Economic Report Essay, Research Paper
In economics, we need to use terms a little more carefully than they are sometimes used in ordinary discussions. In general use, “Demand” is a word that can have more than one meaning, but in microeconomics we define it more carefully so that it has only one meaning. Here is the definition:
Demand is the relationship between price and quantity demanded for a particular good and service in particular circumstances. For each price the demand relationship tells the quantity the buyers want to buy at that corresponding price. The quantity the buyers want to buy at a particular price is called the Quantity Demanded.
The key point is to distinguish between demand (the relationship) and quantity demanded. That distinction is important for microeconomics, although people often do not make it in ordinary discussion.
Demand and Need
To keep it simple, we may think of the buyers as consumers. (Later we will look at markets for inputs to production, in which the buyers are producers of other goods and services). Clearly, the buyers are the people who want or need the product or service — but there is more to it than that. The word “demand” refers to the willingness and ability of people to purchase the good or service in the market. The demand relationship expresses that willingness and ability for the whole range of prices. To say that a person has a demand for a particular product is to say that the person has money with which to buy and is willing to exchange the money for the good. People will not demand what they do not want or need, but a want or a need unbacked by purchasing power is not a demand.
Similarly, it is not enough that the suppliers possess the good or (the capacity to perform) the service. Supply also means willingness to sell.
Most of us have experience living in the market economic system, and that makes economics seem like a common-sense field — but sometimes that common-sense feel can be deceptive. People sometimes use the term “demand” ambiguously — as if “demand” were the same thing as need. But it is not. Need without purchasing power will not create effective demand in the marketplace. Economists sometimes stress this point by using the term “effective demand” in place of simple “demand.”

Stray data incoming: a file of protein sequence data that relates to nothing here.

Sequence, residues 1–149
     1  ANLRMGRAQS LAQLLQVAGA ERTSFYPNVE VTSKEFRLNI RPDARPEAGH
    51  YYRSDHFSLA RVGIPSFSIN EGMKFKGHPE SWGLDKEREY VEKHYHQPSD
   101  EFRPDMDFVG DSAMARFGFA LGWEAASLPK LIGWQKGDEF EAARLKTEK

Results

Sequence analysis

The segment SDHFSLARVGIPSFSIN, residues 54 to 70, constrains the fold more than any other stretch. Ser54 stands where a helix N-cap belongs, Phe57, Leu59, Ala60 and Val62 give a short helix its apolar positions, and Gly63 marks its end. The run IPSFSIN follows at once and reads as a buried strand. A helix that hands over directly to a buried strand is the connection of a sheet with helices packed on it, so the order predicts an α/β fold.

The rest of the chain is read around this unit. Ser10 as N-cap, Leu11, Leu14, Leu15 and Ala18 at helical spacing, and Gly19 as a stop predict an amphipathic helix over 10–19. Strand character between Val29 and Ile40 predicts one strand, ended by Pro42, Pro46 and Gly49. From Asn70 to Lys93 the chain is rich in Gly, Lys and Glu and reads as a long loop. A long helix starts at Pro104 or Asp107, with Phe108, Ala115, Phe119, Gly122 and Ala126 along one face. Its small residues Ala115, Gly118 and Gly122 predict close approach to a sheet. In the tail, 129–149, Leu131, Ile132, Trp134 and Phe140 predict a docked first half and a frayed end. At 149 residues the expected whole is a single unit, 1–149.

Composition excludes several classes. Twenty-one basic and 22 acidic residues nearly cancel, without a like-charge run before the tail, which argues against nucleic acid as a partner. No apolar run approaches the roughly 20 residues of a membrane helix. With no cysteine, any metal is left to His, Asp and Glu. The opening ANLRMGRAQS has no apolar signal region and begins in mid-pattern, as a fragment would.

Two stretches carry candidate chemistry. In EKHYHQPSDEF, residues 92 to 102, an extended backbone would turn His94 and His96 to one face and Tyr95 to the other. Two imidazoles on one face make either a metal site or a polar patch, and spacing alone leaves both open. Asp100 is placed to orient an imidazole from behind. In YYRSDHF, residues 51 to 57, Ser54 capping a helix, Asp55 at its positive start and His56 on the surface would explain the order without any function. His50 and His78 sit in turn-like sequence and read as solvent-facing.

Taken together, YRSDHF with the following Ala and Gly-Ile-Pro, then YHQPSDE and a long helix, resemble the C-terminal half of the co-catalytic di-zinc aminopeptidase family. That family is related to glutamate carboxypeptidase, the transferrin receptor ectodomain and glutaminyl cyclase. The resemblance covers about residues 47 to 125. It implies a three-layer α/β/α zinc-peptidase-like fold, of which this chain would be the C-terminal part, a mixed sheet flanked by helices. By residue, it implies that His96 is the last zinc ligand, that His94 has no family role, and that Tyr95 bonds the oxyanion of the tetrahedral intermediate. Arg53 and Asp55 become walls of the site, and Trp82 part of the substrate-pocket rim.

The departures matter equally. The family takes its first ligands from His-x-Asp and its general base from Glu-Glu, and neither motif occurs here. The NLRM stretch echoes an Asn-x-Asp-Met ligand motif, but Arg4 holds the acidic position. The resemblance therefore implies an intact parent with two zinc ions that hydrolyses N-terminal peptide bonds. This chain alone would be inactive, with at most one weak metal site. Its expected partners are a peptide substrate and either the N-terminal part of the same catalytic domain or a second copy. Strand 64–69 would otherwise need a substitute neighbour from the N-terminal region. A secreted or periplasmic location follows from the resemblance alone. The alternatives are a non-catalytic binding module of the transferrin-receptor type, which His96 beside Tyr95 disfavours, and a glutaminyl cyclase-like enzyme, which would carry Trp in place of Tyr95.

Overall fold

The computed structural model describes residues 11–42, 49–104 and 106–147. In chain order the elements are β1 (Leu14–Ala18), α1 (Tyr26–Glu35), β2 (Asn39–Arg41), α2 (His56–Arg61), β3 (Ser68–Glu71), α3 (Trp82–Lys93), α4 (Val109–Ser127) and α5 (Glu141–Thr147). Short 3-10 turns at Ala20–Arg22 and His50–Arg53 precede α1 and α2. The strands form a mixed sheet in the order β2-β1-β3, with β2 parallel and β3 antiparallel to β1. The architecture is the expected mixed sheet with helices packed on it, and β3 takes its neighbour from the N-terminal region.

As we have seen, economists think of the demand for a good or service as a relationship between the price of the good or service and the quantity demanded of that good or service. Common sense says that the relationship is an inverse one; that is, that an increase in price will result in a decrease in the quantity demanded. In this, common sense is absolutely right. The higher the price, the less quantity demanded, and conversely, the lower the price, the more quantity demanded.
Many economics textbooks use examples based on hypothetical (made-up) numbers. There is nothing wrong with that and we shall use some of them later on. But why not use a real example? Several years ago, the author estimated the demand relationship for beer. Here is an example based on that estimate. The prices quoted are wholesale prices, in cents of 1972 purchasing power. Quantity demanded is measured in millions of gallons, for the United States as a whole.
price, cents/gal. Quantity demanded, millions of gals.
Remember: when we speak of “demand” we usually mean the entire demand relationship, that is, the entire demand curve or table. By contrast, the “quantity demanded” is the particular point on the demand curve, as in Figure 2 below, or the quantity in a particular line of the table.
Notice that, in this example, the demand curve is downward sloping. That’s a common-sense point: the higher the price, the less people will want to buy. In this case, common-sense has it 100% right.
Economists call this the Law of Demand:
At a higher price, the quantity demanded will be less, ceteris paribus.
(Ceteris paribus means: if nothing else changes to offset the change in price).